JACKSONVILLE, Fla. -- They are four legged friends with a fierce mission: Naval Air Station Jacksonville's award-winning military dog security unit.
And Tuesday, only Action News got the chance to take you behind the scenes to see how they train.
Nine-thousand-seven hundred military members report for duty at NAS Jax. But you may not realize there are also six smaller members whose role is just as crucial.
They train rigorously every day. They learn to follow commands. They even practice what to do in case of an intruder.
A big part of security at Naval Air Station Jacksonville is the military working dog unit. Not every base has one.
"The military working dog unit is a cornerstone pillar of navy security. They provide explosive protection, drug dog protection, patrol response," said Lieutenant Commander Eddie Davis, who overseas base security.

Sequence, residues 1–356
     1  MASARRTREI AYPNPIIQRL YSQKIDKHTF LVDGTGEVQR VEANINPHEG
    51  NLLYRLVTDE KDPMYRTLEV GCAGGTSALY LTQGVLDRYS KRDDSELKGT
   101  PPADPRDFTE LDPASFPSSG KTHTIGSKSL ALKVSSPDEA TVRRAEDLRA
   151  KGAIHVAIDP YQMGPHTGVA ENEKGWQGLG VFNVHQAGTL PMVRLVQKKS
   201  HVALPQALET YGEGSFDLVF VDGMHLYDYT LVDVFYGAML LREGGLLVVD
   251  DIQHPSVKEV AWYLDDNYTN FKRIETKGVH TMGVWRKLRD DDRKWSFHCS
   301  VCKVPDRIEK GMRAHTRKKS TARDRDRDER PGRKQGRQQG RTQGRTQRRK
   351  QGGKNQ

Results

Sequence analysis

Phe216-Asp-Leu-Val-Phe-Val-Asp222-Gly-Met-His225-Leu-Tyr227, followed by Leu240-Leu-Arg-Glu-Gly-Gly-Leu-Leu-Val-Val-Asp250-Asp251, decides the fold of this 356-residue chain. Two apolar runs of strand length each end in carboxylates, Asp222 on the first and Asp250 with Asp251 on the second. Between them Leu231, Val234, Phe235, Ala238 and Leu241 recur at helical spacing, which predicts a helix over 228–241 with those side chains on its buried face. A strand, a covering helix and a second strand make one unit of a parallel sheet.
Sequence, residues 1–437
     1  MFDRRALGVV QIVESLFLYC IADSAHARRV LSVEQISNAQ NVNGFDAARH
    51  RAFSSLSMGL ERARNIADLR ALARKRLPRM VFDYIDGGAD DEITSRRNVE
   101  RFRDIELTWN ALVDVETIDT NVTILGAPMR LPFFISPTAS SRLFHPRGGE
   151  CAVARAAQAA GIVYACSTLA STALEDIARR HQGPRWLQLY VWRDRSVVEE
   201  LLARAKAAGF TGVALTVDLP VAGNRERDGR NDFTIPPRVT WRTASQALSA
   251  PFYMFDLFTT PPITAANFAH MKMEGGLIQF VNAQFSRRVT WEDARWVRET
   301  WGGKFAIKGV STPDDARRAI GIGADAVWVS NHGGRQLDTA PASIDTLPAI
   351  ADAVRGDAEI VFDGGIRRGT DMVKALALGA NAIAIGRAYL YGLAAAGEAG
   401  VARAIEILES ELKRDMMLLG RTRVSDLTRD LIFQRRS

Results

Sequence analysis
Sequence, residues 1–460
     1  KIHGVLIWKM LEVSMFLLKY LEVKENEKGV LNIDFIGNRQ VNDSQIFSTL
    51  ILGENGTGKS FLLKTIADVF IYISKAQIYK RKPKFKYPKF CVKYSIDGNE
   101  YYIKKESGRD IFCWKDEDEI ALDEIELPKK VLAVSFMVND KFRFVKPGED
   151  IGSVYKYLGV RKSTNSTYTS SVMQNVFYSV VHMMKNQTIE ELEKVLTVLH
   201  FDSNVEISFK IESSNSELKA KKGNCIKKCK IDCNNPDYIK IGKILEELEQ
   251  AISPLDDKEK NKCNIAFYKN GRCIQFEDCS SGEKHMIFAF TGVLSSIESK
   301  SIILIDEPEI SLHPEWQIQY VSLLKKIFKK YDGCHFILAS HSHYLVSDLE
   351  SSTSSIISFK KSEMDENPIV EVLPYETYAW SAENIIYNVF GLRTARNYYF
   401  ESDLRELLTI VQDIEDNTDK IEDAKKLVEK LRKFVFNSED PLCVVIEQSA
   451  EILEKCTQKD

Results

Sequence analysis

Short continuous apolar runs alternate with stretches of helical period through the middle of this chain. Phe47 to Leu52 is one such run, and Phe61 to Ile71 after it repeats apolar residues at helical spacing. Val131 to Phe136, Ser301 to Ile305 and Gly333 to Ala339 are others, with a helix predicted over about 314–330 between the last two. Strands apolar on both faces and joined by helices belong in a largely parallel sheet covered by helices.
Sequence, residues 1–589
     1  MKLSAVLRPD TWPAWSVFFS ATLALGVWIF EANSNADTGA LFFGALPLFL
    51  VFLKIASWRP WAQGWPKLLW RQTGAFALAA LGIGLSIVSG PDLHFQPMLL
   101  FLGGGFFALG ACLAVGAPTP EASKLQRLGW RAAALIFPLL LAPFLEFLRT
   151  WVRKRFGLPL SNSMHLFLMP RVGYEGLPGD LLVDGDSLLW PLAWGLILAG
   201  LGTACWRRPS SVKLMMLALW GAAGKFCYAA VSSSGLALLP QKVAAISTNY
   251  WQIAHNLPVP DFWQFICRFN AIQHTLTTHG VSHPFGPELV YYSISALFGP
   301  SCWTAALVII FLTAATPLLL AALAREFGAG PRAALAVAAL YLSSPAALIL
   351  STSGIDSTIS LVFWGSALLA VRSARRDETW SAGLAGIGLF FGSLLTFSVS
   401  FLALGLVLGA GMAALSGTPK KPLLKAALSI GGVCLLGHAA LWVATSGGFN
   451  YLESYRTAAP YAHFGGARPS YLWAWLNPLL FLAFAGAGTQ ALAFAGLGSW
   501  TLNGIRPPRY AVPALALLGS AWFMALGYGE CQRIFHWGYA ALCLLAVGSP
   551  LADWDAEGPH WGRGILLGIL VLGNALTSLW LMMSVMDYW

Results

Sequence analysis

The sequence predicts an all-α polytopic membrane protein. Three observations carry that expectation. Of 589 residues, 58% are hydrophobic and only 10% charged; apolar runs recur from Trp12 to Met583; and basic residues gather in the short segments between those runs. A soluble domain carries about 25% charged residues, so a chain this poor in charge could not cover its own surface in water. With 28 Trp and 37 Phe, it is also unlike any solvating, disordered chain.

The obstacle course teaches them how to jump through windows, up stairs and through tunnels.
Cheli Matlock is the base's only female handler. She tells me she's blown away every day by what her dog Pato is capable of.
"The first time I ever saw K-9s do what they do it really amazed me. Made me want to do the job even more. The amaze me all the time at how smart they are," Matlock said.
These dogs' primary task is keeping NAS Jax safe. It's a 24 hour mission. Davis said the dedicated workers are highly trained and highly disciplined . But don't let their good looks fool you.
"They're a nice asset, they're very friendly at times but you certainly must remember they are a dog trained to bite if commanded to," said Davis.
One military working dog is currently deployed to Afghanistan with his handler. They'll be there for a year.
The dogs go through extensive testing before being selected to be a military working dog.
They first get sent to Lackland Airforce base in San Antonio, Texas, and then that unit selects dogs to come here.